Summer 1952 • Vol. XIV No. 3 Nonfiction |

The Angelic Imagination: Poe and the Power of Words¹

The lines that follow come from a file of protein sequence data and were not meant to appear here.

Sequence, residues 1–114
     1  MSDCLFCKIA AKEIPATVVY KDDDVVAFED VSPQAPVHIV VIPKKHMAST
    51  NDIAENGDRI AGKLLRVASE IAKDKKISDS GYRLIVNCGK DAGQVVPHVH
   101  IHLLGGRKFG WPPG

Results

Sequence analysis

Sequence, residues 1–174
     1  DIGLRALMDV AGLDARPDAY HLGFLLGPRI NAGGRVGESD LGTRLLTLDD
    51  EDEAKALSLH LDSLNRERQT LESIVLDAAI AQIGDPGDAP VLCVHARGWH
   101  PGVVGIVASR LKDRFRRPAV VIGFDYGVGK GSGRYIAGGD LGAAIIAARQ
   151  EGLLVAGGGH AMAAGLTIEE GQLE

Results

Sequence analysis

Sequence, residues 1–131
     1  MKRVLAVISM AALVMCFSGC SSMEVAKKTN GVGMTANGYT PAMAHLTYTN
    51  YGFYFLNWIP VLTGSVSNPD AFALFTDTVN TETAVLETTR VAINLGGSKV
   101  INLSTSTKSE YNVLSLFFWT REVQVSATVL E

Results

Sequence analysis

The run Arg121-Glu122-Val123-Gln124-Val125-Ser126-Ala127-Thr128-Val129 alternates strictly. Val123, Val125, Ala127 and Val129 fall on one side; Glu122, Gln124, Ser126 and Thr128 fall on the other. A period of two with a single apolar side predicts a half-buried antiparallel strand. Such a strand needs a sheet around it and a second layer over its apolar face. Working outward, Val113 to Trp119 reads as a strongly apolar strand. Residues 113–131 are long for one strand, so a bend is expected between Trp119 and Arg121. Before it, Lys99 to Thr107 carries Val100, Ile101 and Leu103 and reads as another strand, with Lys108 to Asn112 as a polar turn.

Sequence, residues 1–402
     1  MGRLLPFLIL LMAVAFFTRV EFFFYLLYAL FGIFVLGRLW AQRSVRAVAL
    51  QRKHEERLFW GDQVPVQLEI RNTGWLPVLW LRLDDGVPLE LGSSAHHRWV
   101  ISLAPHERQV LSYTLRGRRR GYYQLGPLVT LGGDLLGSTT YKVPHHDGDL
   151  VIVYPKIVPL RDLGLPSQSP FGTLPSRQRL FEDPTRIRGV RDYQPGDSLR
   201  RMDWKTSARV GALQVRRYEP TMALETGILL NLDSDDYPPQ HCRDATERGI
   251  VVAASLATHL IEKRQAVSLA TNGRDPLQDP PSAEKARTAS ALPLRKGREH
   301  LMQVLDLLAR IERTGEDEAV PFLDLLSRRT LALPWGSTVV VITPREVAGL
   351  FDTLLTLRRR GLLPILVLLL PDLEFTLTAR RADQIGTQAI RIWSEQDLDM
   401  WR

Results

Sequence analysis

With some embarrassment I assume the part of amateur theologian and turn to a little-known figure, Edgar Allan Poe, another theologian only less ignorant than myself. How seriously one must take either Poe or his present critic in this new role I prefer not to be qualified to say. Poe will remain a man of letters—I had almost said a poet—whose interest for us is in the best sense historical. He represents that part of our experience which we are least able to face up to: the Dark Night of Sense, the cloud hovering over that edge of the eye which is turned to receive the effluvia of France, whence the literary power of his influence reaches us today. In France, the literary power has been closely studied; I shall not try to estimate it here. Poe's other power, that of the melancholy, heroic life, one must likewise leave to others, those of one's own compatriots who are not interested in literature. All readers of Poe, of the work or of the life, and the rare reader of both, are p

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